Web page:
Write a note on the origin, principles and decline of jainism.
The sixth century B.C. is considered a wonderful century in history. Great thinkers like Buddha, Mahavira, Heraclitus, Zoroaster, Confucius and Lao Tse lived and preached their ideas in this century. In India, the republican institutions were strong in the 6th centuryB.C. This enabled rise of heterodox sects against the orthodox religion dominated by rites and rituals. Among them the most successful were Jainism and Buddhism whose impact on the Indian society was remarkable.
Causes for the Rise of Jainism and Buddhism
The primary cause for the rise of Jainism and Buddhism was the religious unrest in India in the 6th century B.C. The complex rituals and sacrifices advocated in the Later Vedic period were not acceptable to the common people. The sacrificial ceremonies were also found to be too expensive. The superstitious beliefs and mantras confused the people. The teachings of Upanishads, an alternative to the system of sacrifices, were highly philosophical in nature and therefore not easily understood by all. Therefore, what was needed in the larger interests of the people was a simple, short and intelligible way to salvation for all people. Such religious teaching should also be in a language known to them. This need was fulfilled by the teachings of Buddha and Mahavira. Other than the religious factor, social and economic factors also contributed to the rise of these two religions. The rigid caste system prevalent in India generated tensions in the society. Higher classes enjoyed certain privileges which were denied to the lower classes. Also, the Kshatriyas had resented the domination of the priestly class. It should also to be noted that both Buddha and Mahavira belonged to Kshatriya origin. The growth of trade led to the improvement in the economic conditions of the Vaisyas. As a result, they wanted to enhance their social status but the orthodox Varna system did not allow this. Therefore, they began to extend support to Buddhism and Jainism. It was this merchant class that extended the chief support to these new religions.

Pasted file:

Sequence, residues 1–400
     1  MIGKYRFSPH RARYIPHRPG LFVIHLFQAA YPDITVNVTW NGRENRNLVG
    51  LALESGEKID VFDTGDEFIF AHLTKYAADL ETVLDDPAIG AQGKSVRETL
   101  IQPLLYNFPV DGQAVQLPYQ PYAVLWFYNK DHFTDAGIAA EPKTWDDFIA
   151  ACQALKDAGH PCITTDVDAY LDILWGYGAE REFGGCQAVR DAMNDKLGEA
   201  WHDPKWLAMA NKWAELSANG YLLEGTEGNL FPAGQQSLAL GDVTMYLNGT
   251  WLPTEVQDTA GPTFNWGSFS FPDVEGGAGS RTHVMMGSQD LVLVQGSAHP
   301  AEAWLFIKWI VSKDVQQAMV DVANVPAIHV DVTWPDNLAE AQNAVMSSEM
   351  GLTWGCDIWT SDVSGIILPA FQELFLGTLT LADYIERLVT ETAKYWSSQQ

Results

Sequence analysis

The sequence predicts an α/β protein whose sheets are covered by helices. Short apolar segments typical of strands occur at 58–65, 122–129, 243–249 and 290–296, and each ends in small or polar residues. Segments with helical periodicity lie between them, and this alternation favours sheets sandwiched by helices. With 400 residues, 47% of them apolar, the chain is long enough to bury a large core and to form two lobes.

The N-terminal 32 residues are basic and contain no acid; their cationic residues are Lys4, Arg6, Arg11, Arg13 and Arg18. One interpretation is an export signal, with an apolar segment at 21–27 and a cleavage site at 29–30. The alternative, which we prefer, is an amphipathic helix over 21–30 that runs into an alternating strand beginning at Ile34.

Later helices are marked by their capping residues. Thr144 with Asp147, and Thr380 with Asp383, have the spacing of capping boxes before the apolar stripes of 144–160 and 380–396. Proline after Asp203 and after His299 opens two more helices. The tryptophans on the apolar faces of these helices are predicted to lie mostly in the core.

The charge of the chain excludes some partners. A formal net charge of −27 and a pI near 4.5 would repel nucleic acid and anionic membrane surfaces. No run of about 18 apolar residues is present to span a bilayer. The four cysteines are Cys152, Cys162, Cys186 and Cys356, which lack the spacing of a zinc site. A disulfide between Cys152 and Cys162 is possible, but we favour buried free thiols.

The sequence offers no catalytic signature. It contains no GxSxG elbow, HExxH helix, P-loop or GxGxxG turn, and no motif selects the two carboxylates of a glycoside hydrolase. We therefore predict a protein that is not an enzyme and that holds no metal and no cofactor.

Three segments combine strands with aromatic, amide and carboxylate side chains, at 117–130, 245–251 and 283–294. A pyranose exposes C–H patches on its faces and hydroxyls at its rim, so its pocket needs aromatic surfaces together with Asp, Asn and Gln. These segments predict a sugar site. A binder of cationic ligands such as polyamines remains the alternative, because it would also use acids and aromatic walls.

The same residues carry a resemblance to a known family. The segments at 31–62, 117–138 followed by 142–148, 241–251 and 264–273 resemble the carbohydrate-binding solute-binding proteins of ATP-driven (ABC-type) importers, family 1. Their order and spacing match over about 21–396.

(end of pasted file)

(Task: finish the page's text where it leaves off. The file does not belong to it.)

Teachings of Jainism
The three principles of Jainism, also known as Triratnas (three gems), are:
- right faith
- right knowledge
- right conduct.
Right faith is the belief in the teachings and wisdom of Mahavira. Right Knowledge is the acceptance of the theory that there is no God and that the world has been existing without a creator and that all objects possess a soul. Right conduct refers to the observance of the five great vows:
- not to injure life
- not to lie
- not to steal
- not to acquire property
- not to lead immoral life.
Both the clergy and laymen had to strictly follow the doctrine of ahimsa. Mahavira regarded all objects, both animate and inanimate, have souls and various degrees of consciousness. They possess life and feel pain when they are injured. Mahavira rejected the authority of the Vedas and objected to the Vedic rituals. He advocated a very holy and ethical code of life. Even the practice of agriculture was considered sinful as it causes injury to the earth, worms and animals. Similarly the doctrine of asceticism and renunciation was also carried to extreme lengths by the practice of starvation, nudity and other forms of self-torture.